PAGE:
Virginia bill to add speed cameras gets governor’s backing

April 13, 2020

Keith Goble


A strong push this year at the Virginia statehouse to get speed cameras authorized for certain stretches of roadways around the state appears to be a success.

One bill on the governor’s desk to authorize automated enforcement on roadways marks the second time in as many sessions that state lawmakers have approved legislation on the topic.

Governor stepped in

A year ago Virginia state legislators overwhelmingly approved a bill to permit the state police to use speed cameras in highway work zones.

Gov. Ralph Northam used his authority over legislation to recommend that state lawmakers reconsider the issue during the 2020 regular session before approving any changes. The state’s Constitution permits the governor to sign, veto or propose changes to legislation that is sent to his desk.

“The provisions of the first and second enactments of this act shall not become effective unless reenacted by the 2020 session of the General Assembly,” Northam stated in his amendment to the 2019 version.

Specifically, he was concerned about the revenue distribution formula that largely benefited the State Police. The state’s school system would receive a much smaller portion of net profits.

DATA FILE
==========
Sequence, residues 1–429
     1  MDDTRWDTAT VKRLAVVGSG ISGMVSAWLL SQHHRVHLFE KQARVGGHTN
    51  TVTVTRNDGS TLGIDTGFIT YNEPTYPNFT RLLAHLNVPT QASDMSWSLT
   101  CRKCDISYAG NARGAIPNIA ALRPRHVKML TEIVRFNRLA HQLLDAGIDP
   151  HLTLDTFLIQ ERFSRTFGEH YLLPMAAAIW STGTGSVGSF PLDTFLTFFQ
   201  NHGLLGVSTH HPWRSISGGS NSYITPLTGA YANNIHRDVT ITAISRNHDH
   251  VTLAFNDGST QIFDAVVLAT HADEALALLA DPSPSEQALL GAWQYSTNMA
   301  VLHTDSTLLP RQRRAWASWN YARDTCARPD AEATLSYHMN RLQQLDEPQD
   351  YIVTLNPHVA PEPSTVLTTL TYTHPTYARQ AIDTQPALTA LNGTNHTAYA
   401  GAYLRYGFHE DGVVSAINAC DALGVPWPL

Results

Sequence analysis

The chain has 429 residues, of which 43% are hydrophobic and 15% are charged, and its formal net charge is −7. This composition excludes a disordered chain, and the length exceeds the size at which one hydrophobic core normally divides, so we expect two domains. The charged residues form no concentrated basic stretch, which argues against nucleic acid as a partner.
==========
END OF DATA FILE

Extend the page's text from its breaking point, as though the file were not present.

Second time’s the charm for speed cameras

At the Democratic governor’s direction, a slew of lawmakers in his party this year introduced legislation to greenlight the use of speed cameras.

At least a dozen bills on the topic were introduced for consideration in both chambers.

The version approved by Senate lawmakers 23-17 and by House lawmakers 49-43 would allow state and local police to post speed cameras in highway work zones and in school zones. The bill, HB1442, was approved mostly along party lines.

Automated tickets would be generated for vehicles exceeding the posted speed limit in affected areas by more than 10 mph. Violators would be mailed citations not to exceed $100.

Signs would be required to be posted within 1,000 feet of any speed camera.

A private camera company would receive information on vehicles in violation. The company would be responsible for sending out tickets after a law enforcement officer reviews each summons.

Revenue from citations issued by the State Police would be paid into the state’s literary fund. Citations issued by local police would stay with the locality.

What’s next?

The governor took action on Saturday, April 11, to approve the bill with one recommendation for change. The minor change must be agreed to by both chambers to become law. If the chambers do not agree to the change, the bill would die.

More Land Line coverage of news from Virginia is available.

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Keith Goble

Keith Goble has been covering trucking-related laws since 2000. His daily web reports, radio news and “OOIDA’s State Watch” in Land Line Magazine are the industry’s premier sources for information regarding state legislative affairs.